Diagnostic Imaging and Scanning

Finding out if a person’s symptoms are linked to an inflammatory bowel disease like Crohn’s disease (CD) or ulcerative colitis (UC) is a multi-step process.1,2 It includes physical examination, blood and stool testing, and diagnostic endoscopy procedures, which are often supported by information collected from diagnostic imaging and scans.

Diagnostic imaging and scanning are types of medical testing that use technology to capture an image or other kind of representation of the inside of a person’s body. These can be use to help confirm a diagnosis of inflammatory bowel disease (IBD), as well as showing the location and severity of inflammation and other types of complications that the disease can cause, such as strictures, fistulas, and abscesses.

What types of imaging and scans are used to diagnose inflammatory bowel disease?

The most common types of imaging and scanning that may be recommended for diagnosing patients with IBD include:1-3

  • X-rays
  • Contrast radiography
  • Computed tomography (CT) Scan
  • Magnetic Resonance Imaging (MRI)

How can X-rays help to detect signs of CD?

X-rays take a picture of the inside of a person’s body by passing a special kind of radiation energy through the body quickly and painlessly. X-rays can be used to detect blockages or perforations in the small and large intestines that may be caused by inflammation and scarring due to CD. In rare cases, people with UC may develop a widening of the large intestine called a toxic megacolon, which can be visible on x-rays.1

What is contrast radiography?

Contrast radiography is a type of diagnostic imaging in which a chalky liquid called barium is ingested into the large or small intestine, and a series of X-rays are taken over a period of time.1,3,4 The barium allows the healthcare provider to examine a clearer image of the soft tissues in the digestive tract than a normal X-ray will allow.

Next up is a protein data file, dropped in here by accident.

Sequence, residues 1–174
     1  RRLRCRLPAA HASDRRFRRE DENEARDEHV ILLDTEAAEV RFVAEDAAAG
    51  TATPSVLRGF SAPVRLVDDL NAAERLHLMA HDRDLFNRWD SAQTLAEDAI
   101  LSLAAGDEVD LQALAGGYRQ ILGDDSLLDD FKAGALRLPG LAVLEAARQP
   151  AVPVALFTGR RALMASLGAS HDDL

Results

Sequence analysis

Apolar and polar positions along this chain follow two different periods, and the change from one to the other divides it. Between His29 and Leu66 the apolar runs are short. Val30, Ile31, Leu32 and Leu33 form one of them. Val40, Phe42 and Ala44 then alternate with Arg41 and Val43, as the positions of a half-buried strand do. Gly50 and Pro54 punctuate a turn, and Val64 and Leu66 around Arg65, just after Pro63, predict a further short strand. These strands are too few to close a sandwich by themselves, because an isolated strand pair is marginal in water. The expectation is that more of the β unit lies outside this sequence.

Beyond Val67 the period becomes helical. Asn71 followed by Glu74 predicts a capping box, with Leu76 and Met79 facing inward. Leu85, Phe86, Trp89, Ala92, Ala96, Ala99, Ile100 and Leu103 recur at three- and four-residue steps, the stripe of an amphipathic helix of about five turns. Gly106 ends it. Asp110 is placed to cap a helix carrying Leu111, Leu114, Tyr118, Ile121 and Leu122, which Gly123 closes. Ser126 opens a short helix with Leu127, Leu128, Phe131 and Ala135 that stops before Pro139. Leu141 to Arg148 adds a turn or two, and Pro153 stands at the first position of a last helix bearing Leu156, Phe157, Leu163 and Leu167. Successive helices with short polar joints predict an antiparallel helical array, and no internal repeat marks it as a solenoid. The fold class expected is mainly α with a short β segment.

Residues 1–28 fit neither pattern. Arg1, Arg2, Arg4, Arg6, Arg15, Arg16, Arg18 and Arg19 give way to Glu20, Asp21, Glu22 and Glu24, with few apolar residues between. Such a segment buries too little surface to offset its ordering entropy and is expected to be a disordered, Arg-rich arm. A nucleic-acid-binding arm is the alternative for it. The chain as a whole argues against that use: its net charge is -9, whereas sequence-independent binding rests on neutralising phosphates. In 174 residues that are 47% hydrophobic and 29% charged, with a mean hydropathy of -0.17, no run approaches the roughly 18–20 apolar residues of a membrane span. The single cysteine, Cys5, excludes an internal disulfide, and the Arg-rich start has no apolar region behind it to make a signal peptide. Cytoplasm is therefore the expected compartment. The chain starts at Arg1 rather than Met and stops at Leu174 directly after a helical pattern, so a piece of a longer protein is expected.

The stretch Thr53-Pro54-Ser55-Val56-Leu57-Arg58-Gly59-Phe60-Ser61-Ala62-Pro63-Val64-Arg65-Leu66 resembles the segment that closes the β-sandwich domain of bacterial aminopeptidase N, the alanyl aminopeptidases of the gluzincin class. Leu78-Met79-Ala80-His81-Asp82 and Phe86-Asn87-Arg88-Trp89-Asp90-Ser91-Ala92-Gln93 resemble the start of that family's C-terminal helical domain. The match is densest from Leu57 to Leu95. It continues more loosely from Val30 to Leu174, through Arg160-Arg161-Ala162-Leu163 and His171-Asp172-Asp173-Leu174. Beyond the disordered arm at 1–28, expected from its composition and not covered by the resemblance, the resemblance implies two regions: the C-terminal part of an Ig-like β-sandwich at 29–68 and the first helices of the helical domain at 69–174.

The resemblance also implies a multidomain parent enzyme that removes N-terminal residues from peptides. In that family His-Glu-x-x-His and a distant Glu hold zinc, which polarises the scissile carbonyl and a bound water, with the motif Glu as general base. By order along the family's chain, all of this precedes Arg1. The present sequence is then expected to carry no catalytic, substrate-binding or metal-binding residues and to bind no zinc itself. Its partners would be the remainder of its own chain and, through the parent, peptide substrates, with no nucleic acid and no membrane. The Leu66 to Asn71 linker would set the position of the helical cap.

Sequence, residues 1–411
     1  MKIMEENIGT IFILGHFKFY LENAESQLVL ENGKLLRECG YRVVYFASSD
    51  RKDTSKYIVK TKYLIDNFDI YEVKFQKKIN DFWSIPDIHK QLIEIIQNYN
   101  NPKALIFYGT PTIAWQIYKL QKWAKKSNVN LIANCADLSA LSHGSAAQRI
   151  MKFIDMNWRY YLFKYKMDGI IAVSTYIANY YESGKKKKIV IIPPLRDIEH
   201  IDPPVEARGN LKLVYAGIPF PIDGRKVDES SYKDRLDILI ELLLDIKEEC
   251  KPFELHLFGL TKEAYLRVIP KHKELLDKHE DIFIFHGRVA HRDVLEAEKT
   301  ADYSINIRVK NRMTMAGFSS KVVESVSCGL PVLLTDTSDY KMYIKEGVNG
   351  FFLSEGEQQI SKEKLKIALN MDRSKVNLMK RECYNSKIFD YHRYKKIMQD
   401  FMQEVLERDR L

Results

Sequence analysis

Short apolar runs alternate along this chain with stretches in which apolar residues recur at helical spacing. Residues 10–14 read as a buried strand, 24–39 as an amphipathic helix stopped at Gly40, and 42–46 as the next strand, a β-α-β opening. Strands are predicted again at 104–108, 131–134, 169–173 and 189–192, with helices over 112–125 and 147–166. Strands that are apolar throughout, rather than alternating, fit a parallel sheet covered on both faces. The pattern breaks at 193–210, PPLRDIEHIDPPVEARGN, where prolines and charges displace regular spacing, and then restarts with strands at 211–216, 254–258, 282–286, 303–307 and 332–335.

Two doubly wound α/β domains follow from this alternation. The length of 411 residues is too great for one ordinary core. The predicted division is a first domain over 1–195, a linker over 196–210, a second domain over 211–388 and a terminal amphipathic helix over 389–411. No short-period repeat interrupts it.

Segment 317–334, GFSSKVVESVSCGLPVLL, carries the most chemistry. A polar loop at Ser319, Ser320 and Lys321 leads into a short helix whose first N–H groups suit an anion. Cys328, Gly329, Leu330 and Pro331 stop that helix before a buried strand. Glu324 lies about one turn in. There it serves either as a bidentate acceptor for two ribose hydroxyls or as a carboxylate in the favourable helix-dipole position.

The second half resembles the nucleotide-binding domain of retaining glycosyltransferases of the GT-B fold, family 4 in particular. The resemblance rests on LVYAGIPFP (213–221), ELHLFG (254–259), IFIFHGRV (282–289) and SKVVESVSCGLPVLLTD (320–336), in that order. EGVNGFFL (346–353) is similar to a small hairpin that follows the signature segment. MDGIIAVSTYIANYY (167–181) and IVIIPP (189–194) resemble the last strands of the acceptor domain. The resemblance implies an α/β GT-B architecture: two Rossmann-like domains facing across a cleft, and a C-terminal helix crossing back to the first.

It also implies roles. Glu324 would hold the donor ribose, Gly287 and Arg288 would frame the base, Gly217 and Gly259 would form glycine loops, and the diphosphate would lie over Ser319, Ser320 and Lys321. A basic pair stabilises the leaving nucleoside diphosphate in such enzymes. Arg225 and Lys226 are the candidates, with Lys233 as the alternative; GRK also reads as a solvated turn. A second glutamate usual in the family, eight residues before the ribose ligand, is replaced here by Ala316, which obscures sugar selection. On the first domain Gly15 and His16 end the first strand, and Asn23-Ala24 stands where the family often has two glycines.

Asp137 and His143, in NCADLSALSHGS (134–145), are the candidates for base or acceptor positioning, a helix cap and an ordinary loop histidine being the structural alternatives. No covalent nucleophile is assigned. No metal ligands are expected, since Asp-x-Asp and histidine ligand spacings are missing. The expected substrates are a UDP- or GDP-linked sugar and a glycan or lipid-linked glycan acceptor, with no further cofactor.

During a small bowel series (SBS), the patient swallows the barium by mouth, and X-rays are taken of the stomach, esophagus, and small intestines over a period of several hours. To examine the large intestine, a barium enema is used. This involves injecting barium into the colon through the rectum. In some cases, air is also pumped into the colon to provide an even better quality X-ray image.4,5

What is a CT scan?

A CT scan can provide the healthcare provider with cross-sectional images of the patient’s abdomen.1,6 CT imaging can provide very detailed images of the inside of the body that reveal more information than a regular X-ray image can. This is because a CT scan involves taking a large number of smaller images, while an X-ray usually involves taking only a few larger images. For patients with symptoms of CD, a CT scan can reveal the presence of inflammation, strictures, obstructions, fistulas, and abscesses.6

A special type of CT scanning is called CT enterography (CTE). This involves ingesting a contrast solution that allows a 3-D representation of the small intestine to be constructed. This allows an even more detailed examination that can reveal inflamed areas.7

What is an MRI scan?

Magnetic resonance imaging (MRI) is a procedure in which technology involving special magnets creates detailed pictures of the inside of the body. Unlike a CT scan, an MRI does not use radiation or x-ray technology. MRI scans can be particularly useful in detecting signs of perianal CD, as well as symptoms of CD that occur outside of the digestive tract.1,8

Written by: Anna Nicholson and Emily Downward | Last Reviewed: January 2018.
View References
  1. Diagnosing and managing IBD, Crohn’s and Colitis Foundation of America. Available at http://www.crohnscolitisfoundation.org/resources/diagnosing-and-managing-ibd.html. Accessed 1/2/18.
  2. Inflammatory bowel disease, Medscape. Available at https://emedicine.medscape.com/article/179037. Accessed 1/2/18.
  3. Wilkins T, Jarvis K, Patel J. Diagnosis and management of Crohn's disease. Am Fam Physician. 2011;84:1365-1375.
  4. Tests and Procedures: Barium enema, Mayo Clinic. Available at: http://www.mayoclinic.org/tests-procedures/barium-enema/basics/definition/prc-20019174. Accessed 1/2/18.
  5. Upper GI and small bowel series, MedlinePlus, U.S. National Library of Medicine. Available at https://medlineplus.gov/ency/article/003816.htm. Accessed 1/2/18.
  6. Abdominal CT Scan, MedlinePlus, U.S. National Library of Medicine. Available at https://www.nlm.nih.gov/medlineplus/ency/article/003789.htm. Accessed 1/2/18.
  7. CT Enterography, Johns Hopkins Medicine. Available at https://www.hopkinsmedicine.org/healthlibrary/test_procedures/gastroenterology/ct_enterography_135,60. Accessed 1/2/18.
  8. MRI, MedlinePlus, U.S. National Library of Medicine. Available at https://www.nlm.nih.gov/medlineplus/ency/article/003335.htm. Accessed 1/2/18.